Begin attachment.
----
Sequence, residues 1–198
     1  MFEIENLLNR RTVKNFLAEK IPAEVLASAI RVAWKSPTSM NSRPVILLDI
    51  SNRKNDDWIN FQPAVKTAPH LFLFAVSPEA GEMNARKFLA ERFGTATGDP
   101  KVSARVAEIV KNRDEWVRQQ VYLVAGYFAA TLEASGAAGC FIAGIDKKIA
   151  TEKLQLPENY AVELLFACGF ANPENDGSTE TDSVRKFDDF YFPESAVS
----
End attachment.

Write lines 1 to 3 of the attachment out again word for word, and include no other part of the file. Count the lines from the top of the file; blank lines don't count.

Sequence, residues 1–198
     1  MFEIENLLNR RTVKNFLAEK IPAEVLASAI RVAWKSPTSM NSRPVILLDI
    51  SNRKNDDWIN FQPAVKTAPH LFLFAVSPEA GEMNARKFLA ERFGTATGDP